The EPO has announced a new ECLA section, Y01N, for nanotechnology-related patents. The new section has not yet been added to the esp@cenet classification search, but the schedule is available on the espacenet online forum and Y01N codes are searchable in esp@cenet.
Last year the USPTO also published a cross-reference art class for nanotechnology called Class 977.
The EPO has published new guideliness for searching IPC codes under IPC8, which went into force on Jan. 1. IPC8 is divided into "Core" and "Advanced" levels. The Core level will be updated every three years; the Advanced level is a dynamic system that will be continuously updated every three months or less. There are also new rules governing the assignment of IPC8 codes to invention and non-invention information disclosed in an application.
The EPO has made it possible to search IPC8 codes in esp@cenet using the following options:
If you're a patent news hound like me, you`re probably in the habit of visiting 3-6 patent office web sites a week looking for the latest official press releases, notices and announcements. Of course, all of that clicking and typing gets old fast. Fortunately, some innovative patent information professionals and attorneys are using RSS technology to streamline the process of reading patent office news.
Two of my favourite patent RSS sites are IPNewsFlash and Rethink(IP). IPNewsflash provides feeds of official notices from the USPTO, JPO, EPO, WIPO, UK, German Patent Office and the Office for Harmonization in the Internal Market (OHIM), the EU agency that administers the Community Trade Mark and Community Design programs. Rethink(IP), a service created by patent attorneys Stephen Nipper, J. Matthew Buchanan and Douglas Sorocco, provides feeds for USPTO notices and press releases, and recently filed patent lawsuits.
The USPTO has been publishing a weekly gazette of abstracts of newly issued patents since 1872. In 2002, the USPTO made a great leap backward to 1990 by moving the Official Gazette (OG) from print to CD-ROM format. (To be fair, the USPTO also publishes the most recent 52 weeks of the OG on its web site.) The new version was called eOG:P, a name which combined the worst of the recent Dot Com boom with the federal government`s love of mind-bending acronyms.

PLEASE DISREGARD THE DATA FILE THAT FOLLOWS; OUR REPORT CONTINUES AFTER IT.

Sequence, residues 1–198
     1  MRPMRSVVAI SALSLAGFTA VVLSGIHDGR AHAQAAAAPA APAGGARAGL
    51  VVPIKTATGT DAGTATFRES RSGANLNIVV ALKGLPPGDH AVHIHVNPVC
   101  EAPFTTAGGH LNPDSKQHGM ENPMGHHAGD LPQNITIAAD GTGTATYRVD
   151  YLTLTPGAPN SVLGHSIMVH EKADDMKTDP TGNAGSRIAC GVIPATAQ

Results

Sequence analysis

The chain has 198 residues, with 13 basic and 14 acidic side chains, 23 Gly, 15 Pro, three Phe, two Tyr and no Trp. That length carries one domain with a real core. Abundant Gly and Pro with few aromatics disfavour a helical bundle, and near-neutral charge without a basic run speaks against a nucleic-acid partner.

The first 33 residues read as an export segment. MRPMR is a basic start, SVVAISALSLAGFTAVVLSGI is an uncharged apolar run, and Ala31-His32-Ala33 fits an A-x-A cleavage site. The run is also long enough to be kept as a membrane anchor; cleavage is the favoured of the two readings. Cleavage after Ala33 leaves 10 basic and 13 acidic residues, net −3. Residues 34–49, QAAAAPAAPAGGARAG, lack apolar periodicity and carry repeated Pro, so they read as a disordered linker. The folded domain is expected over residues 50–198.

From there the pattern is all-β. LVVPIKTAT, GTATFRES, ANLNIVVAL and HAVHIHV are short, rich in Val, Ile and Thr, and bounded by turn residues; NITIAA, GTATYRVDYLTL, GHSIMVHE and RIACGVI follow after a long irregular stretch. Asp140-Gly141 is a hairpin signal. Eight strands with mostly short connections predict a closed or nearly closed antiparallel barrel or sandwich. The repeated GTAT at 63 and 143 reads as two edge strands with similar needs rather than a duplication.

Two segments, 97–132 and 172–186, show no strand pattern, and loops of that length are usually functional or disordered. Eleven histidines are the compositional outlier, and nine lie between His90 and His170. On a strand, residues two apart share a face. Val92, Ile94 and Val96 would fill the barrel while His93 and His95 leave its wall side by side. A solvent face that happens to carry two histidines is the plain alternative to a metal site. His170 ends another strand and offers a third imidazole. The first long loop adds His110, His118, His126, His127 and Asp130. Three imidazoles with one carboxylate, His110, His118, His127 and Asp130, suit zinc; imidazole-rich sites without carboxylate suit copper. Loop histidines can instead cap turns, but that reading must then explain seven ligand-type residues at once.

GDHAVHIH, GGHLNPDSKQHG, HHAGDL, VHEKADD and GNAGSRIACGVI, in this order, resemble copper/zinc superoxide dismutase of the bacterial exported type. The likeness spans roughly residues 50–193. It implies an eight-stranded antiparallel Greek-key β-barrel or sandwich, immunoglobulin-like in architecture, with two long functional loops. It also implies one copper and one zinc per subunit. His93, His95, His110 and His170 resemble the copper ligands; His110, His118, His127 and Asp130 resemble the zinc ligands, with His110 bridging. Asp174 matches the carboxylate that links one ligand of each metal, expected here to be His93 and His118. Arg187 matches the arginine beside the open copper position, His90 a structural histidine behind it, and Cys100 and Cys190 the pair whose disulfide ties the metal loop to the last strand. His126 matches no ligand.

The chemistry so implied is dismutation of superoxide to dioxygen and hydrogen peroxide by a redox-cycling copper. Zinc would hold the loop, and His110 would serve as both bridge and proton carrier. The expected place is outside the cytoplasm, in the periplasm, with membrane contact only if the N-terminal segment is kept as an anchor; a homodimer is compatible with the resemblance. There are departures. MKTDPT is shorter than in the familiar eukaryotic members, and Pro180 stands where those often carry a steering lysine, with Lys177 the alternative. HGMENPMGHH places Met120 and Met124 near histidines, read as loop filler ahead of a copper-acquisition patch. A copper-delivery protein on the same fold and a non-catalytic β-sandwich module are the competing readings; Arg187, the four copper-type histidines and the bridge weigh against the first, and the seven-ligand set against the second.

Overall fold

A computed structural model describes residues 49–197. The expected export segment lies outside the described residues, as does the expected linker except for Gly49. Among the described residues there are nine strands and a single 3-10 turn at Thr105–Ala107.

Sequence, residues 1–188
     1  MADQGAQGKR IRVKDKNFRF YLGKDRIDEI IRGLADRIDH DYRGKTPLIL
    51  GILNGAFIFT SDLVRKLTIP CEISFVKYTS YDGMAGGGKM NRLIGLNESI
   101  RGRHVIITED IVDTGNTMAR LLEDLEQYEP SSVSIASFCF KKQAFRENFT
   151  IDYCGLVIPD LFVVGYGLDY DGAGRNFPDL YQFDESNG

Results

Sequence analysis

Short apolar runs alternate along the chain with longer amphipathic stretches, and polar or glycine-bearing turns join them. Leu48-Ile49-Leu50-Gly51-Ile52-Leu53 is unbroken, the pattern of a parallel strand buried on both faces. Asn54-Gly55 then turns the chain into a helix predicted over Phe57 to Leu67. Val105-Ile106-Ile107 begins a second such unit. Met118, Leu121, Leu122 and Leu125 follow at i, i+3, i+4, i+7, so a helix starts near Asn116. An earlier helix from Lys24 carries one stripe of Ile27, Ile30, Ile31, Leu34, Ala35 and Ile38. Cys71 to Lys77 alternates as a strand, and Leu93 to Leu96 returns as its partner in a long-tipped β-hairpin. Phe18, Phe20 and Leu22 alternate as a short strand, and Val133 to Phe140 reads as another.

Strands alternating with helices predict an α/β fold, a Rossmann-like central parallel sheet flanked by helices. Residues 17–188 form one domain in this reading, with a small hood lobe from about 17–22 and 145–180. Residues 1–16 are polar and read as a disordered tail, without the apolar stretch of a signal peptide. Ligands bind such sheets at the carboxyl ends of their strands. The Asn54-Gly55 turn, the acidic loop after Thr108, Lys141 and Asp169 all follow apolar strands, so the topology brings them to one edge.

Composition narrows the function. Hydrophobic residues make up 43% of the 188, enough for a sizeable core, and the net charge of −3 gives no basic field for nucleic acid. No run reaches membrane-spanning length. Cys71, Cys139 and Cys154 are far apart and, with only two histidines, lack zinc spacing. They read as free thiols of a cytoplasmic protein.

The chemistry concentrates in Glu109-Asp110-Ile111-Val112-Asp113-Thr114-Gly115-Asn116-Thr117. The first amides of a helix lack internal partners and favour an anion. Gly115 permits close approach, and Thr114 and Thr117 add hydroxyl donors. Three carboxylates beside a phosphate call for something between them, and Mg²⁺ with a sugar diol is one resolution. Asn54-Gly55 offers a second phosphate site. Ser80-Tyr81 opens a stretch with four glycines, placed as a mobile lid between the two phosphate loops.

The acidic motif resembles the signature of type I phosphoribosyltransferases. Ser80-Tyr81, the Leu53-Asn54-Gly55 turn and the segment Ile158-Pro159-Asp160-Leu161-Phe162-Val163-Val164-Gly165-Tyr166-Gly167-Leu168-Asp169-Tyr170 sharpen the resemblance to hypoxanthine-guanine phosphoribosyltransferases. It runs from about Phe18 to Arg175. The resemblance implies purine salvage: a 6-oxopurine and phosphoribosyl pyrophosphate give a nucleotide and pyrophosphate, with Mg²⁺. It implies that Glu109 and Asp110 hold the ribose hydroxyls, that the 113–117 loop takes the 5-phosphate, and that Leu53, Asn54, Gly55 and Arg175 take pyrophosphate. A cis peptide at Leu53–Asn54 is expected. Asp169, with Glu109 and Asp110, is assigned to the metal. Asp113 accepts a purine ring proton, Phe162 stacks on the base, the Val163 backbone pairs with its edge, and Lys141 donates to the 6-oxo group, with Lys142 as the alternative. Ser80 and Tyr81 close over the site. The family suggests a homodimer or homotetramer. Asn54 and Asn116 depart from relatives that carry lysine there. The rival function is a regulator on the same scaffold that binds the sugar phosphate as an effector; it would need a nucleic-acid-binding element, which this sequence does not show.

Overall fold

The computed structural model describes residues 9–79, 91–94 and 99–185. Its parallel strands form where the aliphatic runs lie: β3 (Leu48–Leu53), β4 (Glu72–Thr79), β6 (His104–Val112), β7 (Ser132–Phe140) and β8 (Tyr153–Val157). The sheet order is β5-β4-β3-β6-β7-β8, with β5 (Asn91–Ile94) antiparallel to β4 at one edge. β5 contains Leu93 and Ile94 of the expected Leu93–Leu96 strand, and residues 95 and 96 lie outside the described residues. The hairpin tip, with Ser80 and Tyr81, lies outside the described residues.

Fortunately, two patent information services, Paterra, Inc. and FreePatentsOnline, now provide RSS feeds of recently issued U.S. patents and published applications. The Paterra feeds display a list of the most recent titles with publication dates and the name of the principal inventor. FreePatentsOnline gives title and a link to the full text document stored in FPO`s online database. Both services are free.
I'm the librarian for research services in the Engineering and Science Library at Queen's University in Kingston, Ontario. I've been working with patent information since 1991, including seven years at the U.S. Patent and Trademark Office. I believe that the dissemination of patent information is a public good and should be promoted, especially in the education of science and engineering students.